Well, let's just say, boy did they pick the wrong mark.
I worked for the U.S. Department of Treasury for over 20 years. Two of those years were in the IRS as a personnel clerk. When I think of IRS, I don't think of jackbooted agents grimly coming to drag me to debtor's prison because I made a mistake on a tax form. I think of former employers and coworkers whom I liked a lot. I also have an accountant do my taxes and if there was a problem, I'd simply contact him and we'd both go straighten it out after an audit. Big deal. I keep my records and if I had to pay a penalty for a mistake, I'd pay and then question that accountant very carefully. But one thing I know, nobody would be calling me on the phone to settle it. And certainly not by robocall.
That's not how IRS works. There have been far nastier scams than the one I got. Long past tax season, scammers are still calling and posing as IRS agents, threatening to revoke people's drivers licenses, shut down their businesses, garnish their wages, and jail them. To avoid dire consequences, they demand payments on preloaded debit cards that can't be traced. These people can often quote the last four digits of a person's credit card and they will give you fake badge numbers. Boy I wish I had gotten one of those. I would have enjoyed patiently explaining real IRS procedure to them before threatening legal action of my own.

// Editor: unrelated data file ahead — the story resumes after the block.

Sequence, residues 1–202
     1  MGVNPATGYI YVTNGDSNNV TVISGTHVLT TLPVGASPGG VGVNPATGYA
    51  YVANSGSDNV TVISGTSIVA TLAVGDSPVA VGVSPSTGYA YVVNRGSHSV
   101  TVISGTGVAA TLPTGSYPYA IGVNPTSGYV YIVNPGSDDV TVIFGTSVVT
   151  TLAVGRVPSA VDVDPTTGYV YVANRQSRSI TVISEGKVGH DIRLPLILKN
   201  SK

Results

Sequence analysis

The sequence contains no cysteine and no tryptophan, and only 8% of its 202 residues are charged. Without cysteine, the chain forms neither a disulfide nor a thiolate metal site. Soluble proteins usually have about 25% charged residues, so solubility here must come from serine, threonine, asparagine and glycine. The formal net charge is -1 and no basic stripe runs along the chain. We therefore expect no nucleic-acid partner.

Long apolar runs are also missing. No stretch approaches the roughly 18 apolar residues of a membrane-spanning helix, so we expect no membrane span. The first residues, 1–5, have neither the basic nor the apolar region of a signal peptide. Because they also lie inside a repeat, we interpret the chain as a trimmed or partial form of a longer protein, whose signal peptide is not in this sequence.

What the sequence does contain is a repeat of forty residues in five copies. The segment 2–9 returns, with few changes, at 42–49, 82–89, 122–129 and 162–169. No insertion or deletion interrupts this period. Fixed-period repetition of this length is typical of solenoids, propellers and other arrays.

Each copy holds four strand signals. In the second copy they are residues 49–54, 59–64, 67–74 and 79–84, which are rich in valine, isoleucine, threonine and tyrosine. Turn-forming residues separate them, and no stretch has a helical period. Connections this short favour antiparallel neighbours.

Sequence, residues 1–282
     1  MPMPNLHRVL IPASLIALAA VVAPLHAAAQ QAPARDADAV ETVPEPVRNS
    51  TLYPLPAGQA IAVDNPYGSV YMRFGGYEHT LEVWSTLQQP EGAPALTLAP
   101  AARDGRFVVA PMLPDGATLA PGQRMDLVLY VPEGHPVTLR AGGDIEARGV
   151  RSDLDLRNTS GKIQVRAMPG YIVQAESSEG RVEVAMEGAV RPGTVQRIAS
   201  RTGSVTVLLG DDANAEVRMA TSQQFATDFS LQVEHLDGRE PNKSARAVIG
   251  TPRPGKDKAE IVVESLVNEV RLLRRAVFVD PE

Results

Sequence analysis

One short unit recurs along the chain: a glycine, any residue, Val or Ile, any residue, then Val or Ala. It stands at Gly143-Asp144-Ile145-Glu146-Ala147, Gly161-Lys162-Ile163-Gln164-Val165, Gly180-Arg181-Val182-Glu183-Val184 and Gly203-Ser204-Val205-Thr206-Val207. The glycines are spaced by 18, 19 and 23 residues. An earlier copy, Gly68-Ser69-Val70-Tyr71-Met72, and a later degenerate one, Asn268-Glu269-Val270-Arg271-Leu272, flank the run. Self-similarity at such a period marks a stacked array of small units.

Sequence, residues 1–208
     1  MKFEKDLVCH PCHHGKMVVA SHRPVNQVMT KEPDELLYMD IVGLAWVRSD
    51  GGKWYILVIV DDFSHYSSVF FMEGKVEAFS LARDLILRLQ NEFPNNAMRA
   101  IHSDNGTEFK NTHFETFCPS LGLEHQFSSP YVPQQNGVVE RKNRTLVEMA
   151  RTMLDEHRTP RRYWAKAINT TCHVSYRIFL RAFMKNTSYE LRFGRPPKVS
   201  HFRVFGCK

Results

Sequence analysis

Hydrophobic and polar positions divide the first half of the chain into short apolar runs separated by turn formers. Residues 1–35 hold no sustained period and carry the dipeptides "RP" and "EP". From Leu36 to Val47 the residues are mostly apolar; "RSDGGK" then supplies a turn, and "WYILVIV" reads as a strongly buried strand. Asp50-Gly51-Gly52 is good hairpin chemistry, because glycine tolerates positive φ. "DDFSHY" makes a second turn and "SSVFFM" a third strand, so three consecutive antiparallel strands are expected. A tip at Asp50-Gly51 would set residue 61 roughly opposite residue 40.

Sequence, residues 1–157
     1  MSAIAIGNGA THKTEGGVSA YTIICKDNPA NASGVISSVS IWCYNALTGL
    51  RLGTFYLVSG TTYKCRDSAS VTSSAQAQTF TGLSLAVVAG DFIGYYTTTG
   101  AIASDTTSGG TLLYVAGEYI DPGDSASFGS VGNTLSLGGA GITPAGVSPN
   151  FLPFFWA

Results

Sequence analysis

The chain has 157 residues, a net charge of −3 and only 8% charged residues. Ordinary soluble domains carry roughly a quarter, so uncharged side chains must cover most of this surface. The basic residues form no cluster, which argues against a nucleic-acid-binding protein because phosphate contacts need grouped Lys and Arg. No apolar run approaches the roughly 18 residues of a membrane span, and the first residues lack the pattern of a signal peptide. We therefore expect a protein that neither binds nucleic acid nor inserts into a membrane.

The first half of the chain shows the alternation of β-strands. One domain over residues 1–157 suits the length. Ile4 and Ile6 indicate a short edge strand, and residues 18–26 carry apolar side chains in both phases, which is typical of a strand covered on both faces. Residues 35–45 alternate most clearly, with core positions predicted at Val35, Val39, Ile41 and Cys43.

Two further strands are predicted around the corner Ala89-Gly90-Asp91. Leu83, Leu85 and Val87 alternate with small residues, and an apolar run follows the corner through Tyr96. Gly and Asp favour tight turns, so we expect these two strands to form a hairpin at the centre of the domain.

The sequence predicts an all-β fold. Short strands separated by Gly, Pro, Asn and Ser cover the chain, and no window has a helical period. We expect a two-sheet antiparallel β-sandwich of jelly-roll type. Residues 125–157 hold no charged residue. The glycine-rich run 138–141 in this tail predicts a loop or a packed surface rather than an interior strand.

The first thing to remember is that the IRS will never demand any personal information from you on the phone and they certainly don't demand payment of preloaded debit or credit cards.
If you get a call here's what you should do:
The IRS doesn’t ask people to pay with prepaid debit cards or wire transfers, and doesn’t ask for credit card numbers over the phone. When the IRS contacts people about unpaid taxes, they do it by postal mail, not by phone. Read Government Imposter Scams for more tips on avoiding a scam.
And what if you got a robocall from Heather or someone else? In addition to reporting it:Also, it would be a good idea not to call any number that they leave on your voice mail because it's most likely not really an IRS number.
- Hang up the phone. Don't press 1 to speak to a live operator and don't press any other number to get your number off the list. If you respond by pressing any number, it will probably just lead to more robocalls.
- Consider contacting your phone provider and asking them to block the number, and whether they charge for that service. Remember that telemarketers change Caller ID information easily and often, so it might not be worth paying a fee to block a number that will change.
The IRS may be guilty of a lot of things, but they do want people do know about these scams and they put out official notices: here and here.
So, don't reflexively jump up if you get a call from somebody claiming to be from IRS. That's not how they roll.